NEW ORLEANS (BP) — The New Orleans Baptist Theological Seminary chapel schedule listed Professor of Preaching Dennis Phelps as the featured speaker in chapel, but when the music stopped and the stage cleared for the sermon to begin that morning, Phelps was nowhere to be found.
After a few quiet moments, a door at the back of Leavell Chapel creaked open and the rhythmic tapping of a walking staff began to move toward the front. People in the crowd turned to see a man with white, wiry hair and matching beard and bushy eyebrows, dressed in ancient Jewish-style garb, moving slowly up the aisle.
“I hope it’s OK that I came in,” the man said. “It’s as cold as a Judean hillside in the winter out there! Goodness gracious!”
The man — Phelps dressed as and playing the role of Isaiah — spent a few minutes marveling at differences he saw between his day — which he identified as eighth century B.C. Israel — and the present day.
“In the temple in my day, we had everyone divided into their similarities. All the men stood together, all the women stood together, the Gentiles had their own place,” he said. “But there’s no division here. You’re all sitting — and that’s another thing. You’re all sitting. In my day, in the great temple, we stood to worship.
“Isaiah” then held up a copy of the Bible and marveled.
“This is a strange book! I mean, first of all, it’s a strange language. When I go from right to left, it doesn’t make any sense to me,” he said [Hebrew is read from right to left, unlike English]. “And how did you get the parchment so thin?”
He also remarked about the people’s manner in worship. The people in chapel, he said, seemed somewhat anxious — understandable given the fact that most students were in the midst of finals. He also noted that the children in the nearby daycare seemed as if they were anticipating something exciting — Christmas. And he said that sense of expectation and anticipation reminded him of his own people.
“You see, God had made a promise to us. That’s what we held on to. A promise,” he said. “A promise that one day God — praise be His holy name — would send to us the Promised One, the Messiah, and that when the Promised One came, He would grant peace to all of those who entered into covenant with Him.”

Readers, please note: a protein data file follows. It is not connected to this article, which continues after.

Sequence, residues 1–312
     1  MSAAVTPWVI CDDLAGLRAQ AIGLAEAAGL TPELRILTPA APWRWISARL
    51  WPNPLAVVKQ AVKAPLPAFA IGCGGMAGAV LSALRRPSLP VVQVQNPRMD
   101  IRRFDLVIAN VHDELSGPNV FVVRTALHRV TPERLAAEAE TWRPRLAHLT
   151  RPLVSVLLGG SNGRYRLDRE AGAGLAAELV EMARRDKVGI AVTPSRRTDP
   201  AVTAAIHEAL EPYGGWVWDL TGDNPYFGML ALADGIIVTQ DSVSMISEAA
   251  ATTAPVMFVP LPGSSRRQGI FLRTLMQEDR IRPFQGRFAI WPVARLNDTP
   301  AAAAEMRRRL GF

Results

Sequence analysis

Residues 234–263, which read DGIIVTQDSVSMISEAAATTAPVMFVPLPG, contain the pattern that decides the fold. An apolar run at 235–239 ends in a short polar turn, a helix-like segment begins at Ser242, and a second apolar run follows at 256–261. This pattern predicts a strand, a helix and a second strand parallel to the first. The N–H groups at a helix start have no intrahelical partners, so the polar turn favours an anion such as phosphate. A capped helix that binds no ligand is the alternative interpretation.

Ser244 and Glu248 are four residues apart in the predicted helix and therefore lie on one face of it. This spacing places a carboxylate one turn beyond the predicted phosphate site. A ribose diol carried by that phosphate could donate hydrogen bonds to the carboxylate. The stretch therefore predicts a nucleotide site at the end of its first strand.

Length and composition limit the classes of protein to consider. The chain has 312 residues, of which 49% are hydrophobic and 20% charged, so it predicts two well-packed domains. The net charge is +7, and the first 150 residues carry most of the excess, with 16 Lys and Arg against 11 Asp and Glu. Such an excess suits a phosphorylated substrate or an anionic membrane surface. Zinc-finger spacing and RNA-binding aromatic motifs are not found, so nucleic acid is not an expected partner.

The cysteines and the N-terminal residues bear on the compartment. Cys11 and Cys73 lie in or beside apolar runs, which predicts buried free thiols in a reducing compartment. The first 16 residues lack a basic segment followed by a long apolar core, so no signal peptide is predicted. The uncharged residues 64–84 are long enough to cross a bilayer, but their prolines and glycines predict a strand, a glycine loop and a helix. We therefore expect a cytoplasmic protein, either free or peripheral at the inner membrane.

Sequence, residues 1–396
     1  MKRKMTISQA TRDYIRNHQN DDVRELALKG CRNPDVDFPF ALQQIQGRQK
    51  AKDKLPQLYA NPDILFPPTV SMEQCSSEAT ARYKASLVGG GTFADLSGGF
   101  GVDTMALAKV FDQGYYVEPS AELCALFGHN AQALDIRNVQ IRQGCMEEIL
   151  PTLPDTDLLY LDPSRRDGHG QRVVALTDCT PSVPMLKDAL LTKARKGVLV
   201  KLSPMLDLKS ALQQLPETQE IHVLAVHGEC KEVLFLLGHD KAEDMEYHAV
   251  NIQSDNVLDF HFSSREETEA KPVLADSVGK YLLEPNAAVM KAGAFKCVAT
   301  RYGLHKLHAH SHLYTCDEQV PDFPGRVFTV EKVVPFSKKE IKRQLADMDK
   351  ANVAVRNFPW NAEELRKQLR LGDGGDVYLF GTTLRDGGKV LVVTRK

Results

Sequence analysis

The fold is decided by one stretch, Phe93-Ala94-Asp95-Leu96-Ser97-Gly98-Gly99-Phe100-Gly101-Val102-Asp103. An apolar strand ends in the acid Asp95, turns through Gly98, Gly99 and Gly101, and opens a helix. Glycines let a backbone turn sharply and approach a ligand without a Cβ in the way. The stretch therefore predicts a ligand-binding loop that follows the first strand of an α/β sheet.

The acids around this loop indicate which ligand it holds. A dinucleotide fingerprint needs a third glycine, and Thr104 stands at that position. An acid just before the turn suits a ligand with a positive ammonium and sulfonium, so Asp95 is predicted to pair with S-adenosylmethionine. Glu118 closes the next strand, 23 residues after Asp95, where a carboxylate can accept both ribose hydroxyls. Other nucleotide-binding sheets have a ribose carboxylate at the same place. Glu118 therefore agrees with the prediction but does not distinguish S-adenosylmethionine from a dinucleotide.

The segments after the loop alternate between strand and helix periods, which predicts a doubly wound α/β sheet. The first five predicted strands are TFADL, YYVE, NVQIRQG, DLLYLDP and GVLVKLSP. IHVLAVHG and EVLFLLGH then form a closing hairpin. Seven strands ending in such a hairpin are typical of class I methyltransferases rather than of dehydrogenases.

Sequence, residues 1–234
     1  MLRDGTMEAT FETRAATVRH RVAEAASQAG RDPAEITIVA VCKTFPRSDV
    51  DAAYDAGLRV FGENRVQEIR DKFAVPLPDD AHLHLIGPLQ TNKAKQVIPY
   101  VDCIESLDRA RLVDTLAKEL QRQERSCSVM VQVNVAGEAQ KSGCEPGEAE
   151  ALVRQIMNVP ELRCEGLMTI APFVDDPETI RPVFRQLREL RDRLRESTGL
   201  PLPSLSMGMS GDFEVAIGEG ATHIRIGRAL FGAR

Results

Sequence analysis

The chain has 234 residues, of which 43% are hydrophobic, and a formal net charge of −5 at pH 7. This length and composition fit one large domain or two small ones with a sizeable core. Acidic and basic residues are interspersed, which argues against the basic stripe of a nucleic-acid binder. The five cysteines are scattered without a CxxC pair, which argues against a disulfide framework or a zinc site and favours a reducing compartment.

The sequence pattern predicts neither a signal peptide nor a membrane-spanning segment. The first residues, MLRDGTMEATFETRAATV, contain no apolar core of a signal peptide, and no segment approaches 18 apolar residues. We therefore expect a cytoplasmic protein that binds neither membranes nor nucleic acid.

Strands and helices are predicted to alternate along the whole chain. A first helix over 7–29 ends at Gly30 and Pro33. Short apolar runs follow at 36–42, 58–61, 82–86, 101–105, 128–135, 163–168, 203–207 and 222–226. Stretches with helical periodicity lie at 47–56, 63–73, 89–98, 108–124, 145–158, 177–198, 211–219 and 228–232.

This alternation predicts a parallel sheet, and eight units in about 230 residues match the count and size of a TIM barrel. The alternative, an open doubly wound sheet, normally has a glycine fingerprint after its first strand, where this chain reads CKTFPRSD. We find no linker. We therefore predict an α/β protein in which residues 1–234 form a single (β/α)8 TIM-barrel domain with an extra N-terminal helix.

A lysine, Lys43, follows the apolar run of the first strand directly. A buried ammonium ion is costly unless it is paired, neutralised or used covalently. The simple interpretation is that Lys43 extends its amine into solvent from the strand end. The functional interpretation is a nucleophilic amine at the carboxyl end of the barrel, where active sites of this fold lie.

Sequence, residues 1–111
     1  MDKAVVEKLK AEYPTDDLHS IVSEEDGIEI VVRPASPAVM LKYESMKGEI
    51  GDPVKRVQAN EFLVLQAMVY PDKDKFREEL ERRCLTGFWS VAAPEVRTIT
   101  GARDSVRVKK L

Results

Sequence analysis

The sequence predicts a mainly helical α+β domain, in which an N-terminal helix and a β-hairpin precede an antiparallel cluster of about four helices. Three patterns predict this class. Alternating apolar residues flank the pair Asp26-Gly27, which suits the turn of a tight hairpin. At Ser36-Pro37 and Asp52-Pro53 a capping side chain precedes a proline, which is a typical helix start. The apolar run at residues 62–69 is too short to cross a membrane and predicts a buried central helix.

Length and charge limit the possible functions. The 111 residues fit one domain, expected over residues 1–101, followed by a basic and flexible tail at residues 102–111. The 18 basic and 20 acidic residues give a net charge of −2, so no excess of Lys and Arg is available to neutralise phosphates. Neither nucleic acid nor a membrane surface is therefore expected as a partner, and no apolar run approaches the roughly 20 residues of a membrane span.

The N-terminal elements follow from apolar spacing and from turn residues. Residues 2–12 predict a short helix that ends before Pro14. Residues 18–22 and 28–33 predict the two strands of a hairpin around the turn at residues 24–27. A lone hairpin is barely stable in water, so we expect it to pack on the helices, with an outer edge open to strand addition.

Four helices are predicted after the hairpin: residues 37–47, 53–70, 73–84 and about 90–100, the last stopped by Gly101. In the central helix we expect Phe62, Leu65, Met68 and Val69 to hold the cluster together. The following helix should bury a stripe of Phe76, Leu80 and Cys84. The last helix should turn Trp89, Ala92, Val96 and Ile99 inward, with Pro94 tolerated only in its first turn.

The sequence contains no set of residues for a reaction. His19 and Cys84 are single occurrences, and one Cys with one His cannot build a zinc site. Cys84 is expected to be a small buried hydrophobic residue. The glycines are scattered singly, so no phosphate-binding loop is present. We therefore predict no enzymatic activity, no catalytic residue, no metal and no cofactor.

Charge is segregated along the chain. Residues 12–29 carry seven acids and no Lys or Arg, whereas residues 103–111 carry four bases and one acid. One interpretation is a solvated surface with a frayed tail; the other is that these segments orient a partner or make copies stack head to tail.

“Isaiah” set the stage for the people in chapel by reading from Isaiah 6, the famous passage where the prophet sees God “high and lifted up.” Isaiah’s vision came at a critical time in the life of the nation.
“You see, we had known peace and prosperity, and it wasn’t long after King Uzziah died that our whole nation just imploded,” he said.
There was a crisis of leadership, the people began going their own way, and a rival nation began to oppress Israel.
“They were blaming God, but what I saw was an opportunity for us all to turn back to God — praise be His holy name,” he said.
“Isaiah” said that, in spite of Assyrian oppression, he encouraged the people with the promise that God one day would come to them and change things.
As Isaiah 9:6-7 reads, “For a child will be born for us, a son will be given to us, and the government will be on His shoulders. He will be named Wonderful Counselor, Mighty God, Eternal Father, Prince of Peace. … The zeal of the Lord of Hosts will accomplish this.”
“That was the promise God had made to us. I drew comfort from it. I tried to encourage others,” he said. “Some heard it gladly. Some like some of you waited anxiously, wondering if God — praise be His holy name — would keep His promise. … A handful of us began to dream what it might be like when the Holy One would come of the scene.”
“We may not have understood it all, but we recognized it would be an amazing day,” he said.
“Isaiah” said the waiting was hard, but it wasn’t in vain.
“Believe me, I know what it means to wait. We waited over 700 years. God makes good on His promises, and I’m grateful that through all those years of waiting, there were a handful that remained faithful,” he said, recalling the period between when Isaiah lived and when Jesus was born.
“Isaiah” then asked if the people in chapel ever have trouble waiting on God. If so, he offered himself as encouragement.
“When you have trouble waiting, just remember me. Remember me and my people. In the darkest days we had ever known, all that we had was a promise. Just a promise, and we waited,” he said.
And then he reminded them of a similar promise all believers are waiting on today to be fulfilled.
“The hope of God’s coming was great news in my day, and I’m guessing it’s still great news in your day,” he said. “I heard that God — praise be His holy name — has made it a promise that he’s going to come again. Imagine that, now all of us together are waiting on God again.”
As he made his way back down the aisle to leave Leavell Chapel during the Dec. 6 service, “Isaiah” challenged the people to “wait in patience for our God — praise be his holy name — to keep his promise.” He also called out, “The Spirit of the Lord is upon me!”
And with that, the man who called himself “Isaiah” slipped out of Leavell Chapel.
Frank Michael McCormack is assistant director of public relations at New Orleans Baptist Theological Seminary (NOBTS.edu).